After a year and a half of visits and medical tests, Dr. Jennifer called me to her office. This lady was a pro. I have never met a doctor since with her incredible thoroughness and caring bedside manner. She truly loved her patients and wanted the absolute best for them. There were several times that I made an appointment with her at the last minute, upset and weary from my plight. She had instructed the front desk to fit me in any time I called. On three occasions she didn’t charge me for my visit. Now that is a dedicated, caring doctor!
When Dr. Jennifer & her nurse came into the room where I was waiting, she looked at me and began to cry, and then the nurse began to cry. Dr. Jennifer said, “It’s Lupus.” I did not know what Lupus was or what a long road I had ahead of me. She informed me it was mainly affecting my Central Nervous System, but I was also having Lung and Kidney involvement. All the other symptoms were just par for the course with Lupus. My body was literally attacking itself, which explained the constant infections. I had a lot of inflammation inside of me. That explained the unrelenting pain.
That was in the 1980s. I am so very grateful that now in 2021, almost anyone you talk to knows about Lupus. When I was diagnosed with Lupus, it was still being called a death sentence by many doctors. Thank God with research and new medications, that is no longer true for every Lupus patient.
With all the doctor appointments and tests I have had in my life, I still DREAD it! I go through so much more with the dread and anxiety it breeds than I ever go through with the actual visit. Why? I do not know.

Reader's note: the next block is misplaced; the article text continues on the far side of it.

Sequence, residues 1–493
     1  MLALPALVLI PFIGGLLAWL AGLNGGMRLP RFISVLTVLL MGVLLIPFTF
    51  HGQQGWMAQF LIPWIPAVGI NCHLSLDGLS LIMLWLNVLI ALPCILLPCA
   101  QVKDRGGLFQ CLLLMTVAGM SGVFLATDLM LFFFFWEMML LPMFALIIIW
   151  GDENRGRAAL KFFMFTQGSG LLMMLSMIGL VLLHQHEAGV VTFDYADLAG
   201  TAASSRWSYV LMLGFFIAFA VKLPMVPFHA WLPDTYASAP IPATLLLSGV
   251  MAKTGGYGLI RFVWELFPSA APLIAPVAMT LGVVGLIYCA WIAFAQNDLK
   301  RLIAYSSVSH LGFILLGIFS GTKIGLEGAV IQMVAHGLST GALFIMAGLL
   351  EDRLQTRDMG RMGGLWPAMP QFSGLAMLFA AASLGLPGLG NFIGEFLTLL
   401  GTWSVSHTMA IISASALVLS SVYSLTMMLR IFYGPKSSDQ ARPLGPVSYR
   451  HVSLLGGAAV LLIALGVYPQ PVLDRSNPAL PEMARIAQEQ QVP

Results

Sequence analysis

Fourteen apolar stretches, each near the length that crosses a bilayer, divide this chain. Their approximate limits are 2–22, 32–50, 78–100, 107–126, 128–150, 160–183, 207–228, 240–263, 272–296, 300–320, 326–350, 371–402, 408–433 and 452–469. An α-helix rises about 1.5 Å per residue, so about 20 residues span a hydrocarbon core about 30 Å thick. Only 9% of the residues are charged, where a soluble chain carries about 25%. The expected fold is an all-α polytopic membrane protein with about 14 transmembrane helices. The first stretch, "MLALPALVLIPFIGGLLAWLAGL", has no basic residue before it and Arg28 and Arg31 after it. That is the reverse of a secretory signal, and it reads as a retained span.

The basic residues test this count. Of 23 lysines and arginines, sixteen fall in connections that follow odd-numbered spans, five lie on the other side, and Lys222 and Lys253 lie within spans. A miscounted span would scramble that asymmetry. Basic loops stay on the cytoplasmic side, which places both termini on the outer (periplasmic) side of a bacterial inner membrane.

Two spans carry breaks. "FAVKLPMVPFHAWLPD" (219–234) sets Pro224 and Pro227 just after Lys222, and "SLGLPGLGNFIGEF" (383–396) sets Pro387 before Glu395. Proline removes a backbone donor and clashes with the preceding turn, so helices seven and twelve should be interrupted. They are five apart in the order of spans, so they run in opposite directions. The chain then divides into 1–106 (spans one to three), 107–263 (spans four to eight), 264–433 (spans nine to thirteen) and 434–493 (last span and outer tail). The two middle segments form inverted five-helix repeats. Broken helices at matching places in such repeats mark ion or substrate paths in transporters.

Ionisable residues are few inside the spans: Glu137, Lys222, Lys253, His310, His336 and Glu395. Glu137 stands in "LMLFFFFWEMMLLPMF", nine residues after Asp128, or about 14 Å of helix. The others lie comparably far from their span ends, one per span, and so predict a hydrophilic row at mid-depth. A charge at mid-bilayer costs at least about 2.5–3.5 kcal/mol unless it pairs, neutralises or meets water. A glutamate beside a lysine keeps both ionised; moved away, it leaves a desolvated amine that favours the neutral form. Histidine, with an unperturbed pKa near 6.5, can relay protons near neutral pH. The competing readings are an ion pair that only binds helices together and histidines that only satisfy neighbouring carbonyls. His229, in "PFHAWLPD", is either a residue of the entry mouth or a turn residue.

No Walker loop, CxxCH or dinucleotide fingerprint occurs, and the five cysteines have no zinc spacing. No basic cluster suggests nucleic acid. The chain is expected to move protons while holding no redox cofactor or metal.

I know I’m not alone. There are people who refuse to see a doctor even when they are sick or in pain. My most recent appointment gave me anxiety for over a week. Yet the appointment itself went perfectly! It was pleasant and quick, yet thorough. I told one of my daughters that I spent more time dreading it than the actual visit lasted. It’s all so silly to do that.
If you are not familiar with Lupus, I would like to ask you to take a few minutes out of your day to educate yourself. There are over 15,000 new patients diagnosed with Lupus each year. That means millions, upon millions, of Lupus patients out there are dealing with this chronic disease every day. Someone you know and love may be suffering, and you don’t know it. People with Lupus often look perfectly healthy. Having loved ones who at least try to understand what we go through is part of our ongoing battle.
Thank you for reading my story, and I hope you are well.